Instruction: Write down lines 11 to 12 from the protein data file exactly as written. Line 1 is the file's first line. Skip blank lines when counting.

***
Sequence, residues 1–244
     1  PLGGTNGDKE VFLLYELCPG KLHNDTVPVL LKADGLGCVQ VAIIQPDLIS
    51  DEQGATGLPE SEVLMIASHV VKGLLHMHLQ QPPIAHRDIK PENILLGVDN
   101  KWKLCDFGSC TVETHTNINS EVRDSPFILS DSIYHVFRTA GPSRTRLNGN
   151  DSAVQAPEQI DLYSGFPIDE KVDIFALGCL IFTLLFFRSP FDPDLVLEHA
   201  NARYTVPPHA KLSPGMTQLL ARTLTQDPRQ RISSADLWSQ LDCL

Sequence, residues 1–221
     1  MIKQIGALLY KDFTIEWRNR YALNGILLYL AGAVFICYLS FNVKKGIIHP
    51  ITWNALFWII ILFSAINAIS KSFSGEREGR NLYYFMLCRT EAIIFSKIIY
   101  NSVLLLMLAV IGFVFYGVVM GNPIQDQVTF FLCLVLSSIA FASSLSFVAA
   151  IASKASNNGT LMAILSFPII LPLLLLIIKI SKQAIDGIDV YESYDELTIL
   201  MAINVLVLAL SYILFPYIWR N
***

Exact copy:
   151  IASKASNNGT LMAILSFPII LPLLLLIIKI SKQAIDGIDV YESYDELTIL
   201  MAINVLVLAL SYILFPYIWR N